i2c is a nice option. Have you considered CAN. Yes it is not native supported on most 8Bit controllers. Some of the ARM device provide support for CAN. For i2c there is a great range of devices like port expanders and eeproms and sensors. I would be happy to have a standard pin out.

I just thought about I2C the other day when I saw that Marlin now supports real-time filament measuring devices, but only through an analog input. But we’ll just have to see how well the protocol works next to all the other high-emi leads.

I’m not too fond of running the pwm fan next to the scl i2c signal, it’s going to have a fair amount of crosstalk and may trigger false edges on devices. Similar with the probe an i2c clock.

Guys. I2C (by its name) is an Inter-Integrated-Circuit bus. It is not intended to be cabled off-board and if you do it will be necessary to buffer the signals or run a low speed. The low speed required may not be natively supported by controller hardware and then you will be forced into adding a software implementation.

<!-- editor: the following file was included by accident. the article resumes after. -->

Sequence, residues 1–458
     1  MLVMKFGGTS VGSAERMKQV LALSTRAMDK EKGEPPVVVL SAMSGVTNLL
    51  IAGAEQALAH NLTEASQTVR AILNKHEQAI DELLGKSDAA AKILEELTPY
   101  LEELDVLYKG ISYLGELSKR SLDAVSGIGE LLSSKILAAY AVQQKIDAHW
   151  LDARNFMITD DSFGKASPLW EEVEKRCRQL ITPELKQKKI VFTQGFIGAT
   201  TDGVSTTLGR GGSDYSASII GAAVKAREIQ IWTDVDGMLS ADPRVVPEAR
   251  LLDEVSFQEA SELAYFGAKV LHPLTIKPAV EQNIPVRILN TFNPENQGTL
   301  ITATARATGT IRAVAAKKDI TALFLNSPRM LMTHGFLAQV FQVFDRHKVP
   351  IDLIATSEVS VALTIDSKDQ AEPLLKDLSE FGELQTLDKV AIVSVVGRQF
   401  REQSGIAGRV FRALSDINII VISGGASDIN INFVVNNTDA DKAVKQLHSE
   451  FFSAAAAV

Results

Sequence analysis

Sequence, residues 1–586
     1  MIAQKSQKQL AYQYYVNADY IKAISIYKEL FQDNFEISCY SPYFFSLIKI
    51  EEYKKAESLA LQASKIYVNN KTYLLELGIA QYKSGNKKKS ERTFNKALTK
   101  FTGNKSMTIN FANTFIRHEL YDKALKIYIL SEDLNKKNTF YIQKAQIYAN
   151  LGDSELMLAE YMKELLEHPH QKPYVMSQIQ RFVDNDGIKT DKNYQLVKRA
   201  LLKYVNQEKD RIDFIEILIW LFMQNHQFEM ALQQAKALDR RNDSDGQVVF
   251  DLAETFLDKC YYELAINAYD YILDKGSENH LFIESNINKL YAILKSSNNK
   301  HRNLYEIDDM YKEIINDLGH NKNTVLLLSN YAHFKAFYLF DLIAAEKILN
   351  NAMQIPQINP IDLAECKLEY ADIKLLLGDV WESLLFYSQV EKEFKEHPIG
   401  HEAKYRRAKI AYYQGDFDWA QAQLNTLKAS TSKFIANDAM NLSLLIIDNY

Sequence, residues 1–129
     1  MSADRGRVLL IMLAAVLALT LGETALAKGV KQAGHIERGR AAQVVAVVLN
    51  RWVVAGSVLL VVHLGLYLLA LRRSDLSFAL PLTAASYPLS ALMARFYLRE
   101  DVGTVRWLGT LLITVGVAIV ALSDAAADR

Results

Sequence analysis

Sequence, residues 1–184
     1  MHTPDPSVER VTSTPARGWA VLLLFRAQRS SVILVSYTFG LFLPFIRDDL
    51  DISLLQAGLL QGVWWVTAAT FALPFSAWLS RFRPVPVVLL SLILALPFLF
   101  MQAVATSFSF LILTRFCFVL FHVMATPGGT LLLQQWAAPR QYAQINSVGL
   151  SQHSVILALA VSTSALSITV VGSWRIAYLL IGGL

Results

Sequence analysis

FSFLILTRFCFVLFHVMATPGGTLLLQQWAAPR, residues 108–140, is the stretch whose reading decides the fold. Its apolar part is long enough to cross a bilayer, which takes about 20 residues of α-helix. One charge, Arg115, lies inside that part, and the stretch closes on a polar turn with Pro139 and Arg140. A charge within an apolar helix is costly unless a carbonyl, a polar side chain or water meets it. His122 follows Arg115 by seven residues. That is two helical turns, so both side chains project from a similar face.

Cheap hardware implementations will not buffer the signals and the result will be erratic operation. Also consider that even the present implementation of I2C in Marlin (as used with controllers like the Panelolu2) is not without timing problems.

@Neil_Darlow any alternative that is supported by the common MCUs and made for off-board connectivity?

@Thomas_Sanladerer All serial buses driven directly from the microcontroller will be (potentially) problematic. I am not against I2C but I know that someone is going to do a minimal implementation and it will cause problems.

Regarding addressing of I2C devices, you need to be aware that some manufacturers only produce devices with particular addresses. Other addresses are available to special order and may cost more.